The onset of the pandemic proved to be a catalyst and accelerator of digitisation for many businesses across the world. Manufacturers, suppliers, and wholesalers across the globe had to adopt new ways of working, with the implementation of norms like nationwide lockdowns, social distancing, and work-from-home models. At the same time, businesses faced the challenges of erratic customer behaviour and dramatically disrupted supply chains. Amidst the clouds of uncertainty in the business landscape, supply chain management (SCM) teams searched for ways to make their operations more resilient and agile so that they could respond to the changing social and economic landscape.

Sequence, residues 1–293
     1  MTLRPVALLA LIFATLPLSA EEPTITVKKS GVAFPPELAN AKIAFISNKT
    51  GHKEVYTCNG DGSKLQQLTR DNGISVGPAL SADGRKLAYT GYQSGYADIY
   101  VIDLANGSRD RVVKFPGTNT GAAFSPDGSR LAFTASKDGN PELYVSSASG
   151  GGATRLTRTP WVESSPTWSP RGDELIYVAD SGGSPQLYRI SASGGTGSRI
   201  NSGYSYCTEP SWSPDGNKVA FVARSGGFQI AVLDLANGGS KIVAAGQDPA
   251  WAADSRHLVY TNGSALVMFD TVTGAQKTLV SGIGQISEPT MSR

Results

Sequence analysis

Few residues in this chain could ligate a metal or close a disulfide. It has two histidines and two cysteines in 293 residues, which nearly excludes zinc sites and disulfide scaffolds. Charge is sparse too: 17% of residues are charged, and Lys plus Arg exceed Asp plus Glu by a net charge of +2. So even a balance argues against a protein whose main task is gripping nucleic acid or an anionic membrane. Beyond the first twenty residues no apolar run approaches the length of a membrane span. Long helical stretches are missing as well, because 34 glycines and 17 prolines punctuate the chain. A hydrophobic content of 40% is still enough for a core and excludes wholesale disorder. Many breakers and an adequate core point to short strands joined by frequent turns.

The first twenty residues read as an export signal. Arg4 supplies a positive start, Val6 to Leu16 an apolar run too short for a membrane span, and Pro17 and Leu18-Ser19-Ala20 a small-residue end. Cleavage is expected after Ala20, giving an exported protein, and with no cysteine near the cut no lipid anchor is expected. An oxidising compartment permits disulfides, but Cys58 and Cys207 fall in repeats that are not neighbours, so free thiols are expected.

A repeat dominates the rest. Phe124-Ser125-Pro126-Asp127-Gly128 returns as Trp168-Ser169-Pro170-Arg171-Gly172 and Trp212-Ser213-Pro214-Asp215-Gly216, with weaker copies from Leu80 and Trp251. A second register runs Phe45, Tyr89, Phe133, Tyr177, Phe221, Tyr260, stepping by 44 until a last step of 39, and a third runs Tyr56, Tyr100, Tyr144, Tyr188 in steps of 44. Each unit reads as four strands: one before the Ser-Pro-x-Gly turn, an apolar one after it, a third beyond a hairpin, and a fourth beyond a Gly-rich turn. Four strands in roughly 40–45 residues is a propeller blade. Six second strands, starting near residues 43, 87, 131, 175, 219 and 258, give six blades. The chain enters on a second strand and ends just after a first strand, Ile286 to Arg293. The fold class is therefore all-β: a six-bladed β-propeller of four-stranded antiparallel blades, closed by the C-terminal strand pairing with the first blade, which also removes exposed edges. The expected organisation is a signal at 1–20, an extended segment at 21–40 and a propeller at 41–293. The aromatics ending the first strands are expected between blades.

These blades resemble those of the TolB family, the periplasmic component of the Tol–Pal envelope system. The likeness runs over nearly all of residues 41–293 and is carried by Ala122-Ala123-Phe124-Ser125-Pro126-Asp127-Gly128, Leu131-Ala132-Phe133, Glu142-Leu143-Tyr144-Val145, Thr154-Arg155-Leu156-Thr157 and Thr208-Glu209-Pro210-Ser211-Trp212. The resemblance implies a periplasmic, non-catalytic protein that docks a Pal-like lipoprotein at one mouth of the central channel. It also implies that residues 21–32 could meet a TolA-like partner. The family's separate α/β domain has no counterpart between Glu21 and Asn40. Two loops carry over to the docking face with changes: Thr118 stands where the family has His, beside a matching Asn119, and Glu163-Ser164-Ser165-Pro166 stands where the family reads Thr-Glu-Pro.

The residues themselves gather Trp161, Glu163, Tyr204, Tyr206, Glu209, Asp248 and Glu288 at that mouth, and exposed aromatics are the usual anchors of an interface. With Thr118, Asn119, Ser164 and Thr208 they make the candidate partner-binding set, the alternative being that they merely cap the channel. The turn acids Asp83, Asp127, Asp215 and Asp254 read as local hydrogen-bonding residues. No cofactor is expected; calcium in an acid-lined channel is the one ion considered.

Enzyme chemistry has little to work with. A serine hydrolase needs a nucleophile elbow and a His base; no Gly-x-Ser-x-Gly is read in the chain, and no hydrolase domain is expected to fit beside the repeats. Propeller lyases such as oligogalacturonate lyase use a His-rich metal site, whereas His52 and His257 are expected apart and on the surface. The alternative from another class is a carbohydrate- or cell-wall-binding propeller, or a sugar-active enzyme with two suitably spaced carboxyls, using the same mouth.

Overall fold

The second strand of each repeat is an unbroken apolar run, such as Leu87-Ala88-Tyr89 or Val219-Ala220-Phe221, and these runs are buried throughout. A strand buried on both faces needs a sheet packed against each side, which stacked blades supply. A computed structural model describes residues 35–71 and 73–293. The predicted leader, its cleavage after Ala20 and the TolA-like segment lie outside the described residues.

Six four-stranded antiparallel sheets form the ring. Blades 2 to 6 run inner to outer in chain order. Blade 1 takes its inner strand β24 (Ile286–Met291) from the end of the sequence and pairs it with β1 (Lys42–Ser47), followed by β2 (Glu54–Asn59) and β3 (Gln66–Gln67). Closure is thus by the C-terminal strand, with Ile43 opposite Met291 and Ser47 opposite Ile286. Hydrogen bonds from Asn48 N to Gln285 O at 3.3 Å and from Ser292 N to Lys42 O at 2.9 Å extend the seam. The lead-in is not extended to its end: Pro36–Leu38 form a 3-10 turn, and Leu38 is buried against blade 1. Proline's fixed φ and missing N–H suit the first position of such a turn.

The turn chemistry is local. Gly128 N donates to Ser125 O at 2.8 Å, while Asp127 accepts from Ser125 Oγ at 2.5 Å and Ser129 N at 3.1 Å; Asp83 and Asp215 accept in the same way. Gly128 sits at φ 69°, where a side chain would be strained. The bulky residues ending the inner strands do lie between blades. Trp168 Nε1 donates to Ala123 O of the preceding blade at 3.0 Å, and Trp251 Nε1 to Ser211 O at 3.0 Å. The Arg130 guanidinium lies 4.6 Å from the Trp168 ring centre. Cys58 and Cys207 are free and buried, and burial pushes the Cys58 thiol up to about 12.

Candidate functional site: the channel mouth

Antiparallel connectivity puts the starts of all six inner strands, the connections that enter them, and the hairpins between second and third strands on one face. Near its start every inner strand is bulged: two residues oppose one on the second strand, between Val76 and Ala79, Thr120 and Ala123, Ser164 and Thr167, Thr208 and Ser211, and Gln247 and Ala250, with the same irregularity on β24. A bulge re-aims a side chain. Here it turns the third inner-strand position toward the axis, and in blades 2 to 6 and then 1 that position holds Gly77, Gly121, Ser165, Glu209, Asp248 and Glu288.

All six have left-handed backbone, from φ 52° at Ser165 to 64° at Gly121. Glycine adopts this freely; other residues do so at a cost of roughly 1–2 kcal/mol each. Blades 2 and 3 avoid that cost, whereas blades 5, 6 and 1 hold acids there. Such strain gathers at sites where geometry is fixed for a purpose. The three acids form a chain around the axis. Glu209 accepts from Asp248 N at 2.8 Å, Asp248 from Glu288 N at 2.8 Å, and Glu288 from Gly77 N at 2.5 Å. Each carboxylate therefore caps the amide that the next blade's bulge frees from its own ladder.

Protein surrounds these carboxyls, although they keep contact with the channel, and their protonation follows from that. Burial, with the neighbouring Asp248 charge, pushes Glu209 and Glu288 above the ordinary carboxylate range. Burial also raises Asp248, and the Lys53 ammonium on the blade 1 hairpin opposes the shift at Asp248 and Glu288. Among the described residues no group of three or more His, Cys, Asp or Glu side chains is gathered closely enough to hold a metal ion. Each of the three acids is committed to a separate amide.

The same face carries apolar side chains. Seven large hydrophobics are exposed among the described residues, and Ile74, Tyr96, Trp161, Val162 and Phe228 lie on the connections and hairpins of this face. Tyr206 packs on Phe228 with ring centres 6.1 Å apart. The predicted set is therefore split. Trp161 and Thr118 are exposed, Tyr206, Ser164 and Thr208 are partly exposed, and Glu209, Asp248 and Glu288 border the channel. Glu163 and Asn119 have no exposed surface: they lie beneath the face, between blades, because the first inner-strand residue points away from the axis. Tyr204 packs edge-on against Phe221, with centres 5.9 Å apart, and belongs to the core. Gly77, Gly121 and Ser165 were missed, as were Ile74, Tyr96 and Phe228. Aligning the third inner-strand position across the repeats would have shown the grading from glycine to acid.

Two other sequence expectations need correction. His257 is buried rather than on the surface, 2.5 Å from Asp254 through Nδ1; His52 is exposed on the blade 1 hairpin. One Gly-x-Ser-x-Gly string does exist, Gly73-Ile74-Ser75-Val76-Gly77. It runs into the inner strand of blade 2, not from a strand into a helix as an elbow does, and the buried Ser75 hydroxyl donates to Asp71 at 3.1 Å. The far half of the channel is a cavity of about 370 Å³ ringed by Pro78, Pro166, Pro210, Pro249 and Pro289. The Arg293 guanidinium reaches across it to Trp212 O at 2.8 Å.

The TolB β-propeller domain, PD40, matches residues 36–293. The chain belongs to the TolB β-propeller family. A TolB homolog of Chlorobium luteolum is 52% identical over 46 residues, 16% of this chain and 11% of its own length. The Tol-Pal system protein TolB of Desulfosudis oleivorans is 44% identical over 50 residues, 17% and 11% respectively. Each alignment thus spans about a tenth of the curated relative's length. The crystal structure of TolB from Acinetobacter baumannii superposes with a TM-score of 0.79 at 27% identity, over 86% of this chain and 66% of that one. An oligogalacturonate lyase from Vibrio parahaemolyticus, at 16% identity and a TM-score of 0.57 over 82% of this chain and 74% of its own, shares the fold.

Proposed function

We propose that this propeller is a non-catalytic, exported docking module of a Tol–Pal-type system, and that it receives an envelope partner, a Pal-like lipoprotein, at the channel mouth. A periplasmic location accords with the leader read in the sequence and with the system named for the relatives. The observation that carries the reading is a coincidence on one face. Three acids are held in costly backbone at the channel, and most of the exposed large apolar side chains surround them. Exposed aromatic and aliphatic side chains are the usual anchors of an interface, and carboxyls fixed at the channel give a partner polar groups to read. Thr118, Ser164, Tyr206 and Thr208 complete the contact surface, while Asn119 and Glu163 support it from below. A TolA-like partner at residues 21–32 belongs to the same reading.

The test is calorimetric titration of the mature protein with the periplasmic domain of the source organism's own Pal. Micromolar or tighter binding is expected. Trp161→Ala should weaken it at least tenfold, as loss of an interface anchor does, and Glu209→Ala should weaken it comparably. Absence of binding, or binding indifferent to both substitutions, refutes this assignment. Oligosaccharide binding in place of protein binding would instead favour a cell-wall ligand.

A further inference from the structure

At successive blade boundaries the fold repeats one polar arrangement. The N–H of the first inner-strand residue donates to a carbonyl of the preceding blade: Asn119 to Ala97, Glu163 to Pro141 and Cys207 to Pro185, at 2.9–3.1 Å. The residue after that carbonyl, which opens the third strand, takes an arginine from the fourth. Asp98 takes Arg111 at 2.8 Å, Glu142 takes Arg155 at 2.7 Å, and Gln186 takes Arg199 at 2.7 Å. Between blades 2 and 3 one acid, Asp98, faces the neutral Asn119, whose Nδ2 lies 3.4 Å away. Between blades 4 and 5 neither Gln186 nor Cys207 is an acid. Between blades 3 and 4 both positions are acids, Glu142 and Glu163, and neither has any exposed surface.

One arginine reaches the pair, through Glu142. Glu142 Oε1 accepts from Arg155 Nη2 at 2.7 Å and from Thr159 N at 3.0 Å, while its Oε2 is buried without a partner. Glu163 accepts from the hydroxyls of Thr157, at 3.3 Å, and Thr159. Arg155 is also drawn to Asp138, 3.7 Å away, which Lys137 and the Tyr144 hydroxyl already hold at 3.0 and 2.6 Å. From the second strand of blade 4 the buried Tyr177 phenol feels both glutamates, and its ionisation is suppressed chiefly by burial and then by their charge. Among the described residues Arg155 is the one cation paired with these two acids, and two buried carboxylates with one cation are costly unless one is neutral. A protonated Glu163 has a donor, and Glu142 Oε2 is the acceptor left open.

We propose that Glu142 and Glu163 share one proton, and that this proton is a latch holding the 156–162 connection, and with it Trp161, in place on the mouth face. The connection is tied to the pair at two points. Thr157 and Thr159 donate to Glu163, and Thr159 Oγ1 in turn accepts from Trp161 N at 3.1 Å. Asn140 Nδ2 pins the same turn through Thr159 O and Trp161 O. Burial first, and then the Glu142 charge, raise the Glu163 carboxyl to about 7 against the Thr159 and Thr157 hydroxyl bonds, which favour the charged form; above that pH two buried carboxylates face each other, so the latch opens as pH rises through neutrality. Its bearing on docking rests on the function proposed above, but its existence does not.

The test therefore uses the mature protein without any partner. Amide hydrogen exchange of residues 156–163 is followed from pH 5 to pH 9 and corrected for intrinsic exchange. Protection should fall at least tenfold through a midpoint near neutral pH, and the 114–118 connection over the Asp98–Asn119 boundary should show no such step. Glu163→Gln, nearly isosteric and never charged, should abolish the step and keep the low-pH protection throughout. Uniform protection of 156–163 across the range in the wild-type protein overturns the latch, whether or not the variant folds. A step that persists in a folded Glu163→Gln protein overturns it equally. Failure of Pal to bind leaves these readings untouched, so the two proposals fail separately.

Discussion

Traditionally, supply chains followed a linear model, focusing on five essential areas – Design, Plan, Source, Make, and Deliver. The key aspects to managing successful supply chain operations were four Vs, i.e. volatility, volume, visibility, and velocity. However, as changes in the business ecosystem demand a more interconnected supply chain, businesses need to focus on factors such as reduced time-to-market and real-time accurate decision making apart from the four Vs. There is a dire need to deliver on the “convenience is everything” attitude of today’s buyers.
According to a joint report by MRRSIndia.com and Assocham, the Indian retail industry is projected to reach USD 1.3 trillion by 2025, with the online retail industry expected to reach USD 60 billion in India.
To meet the rapidly growing and changing demand, supply chains need to be agile and resilient. As a result, digitisation of the supply chain is more important than ever.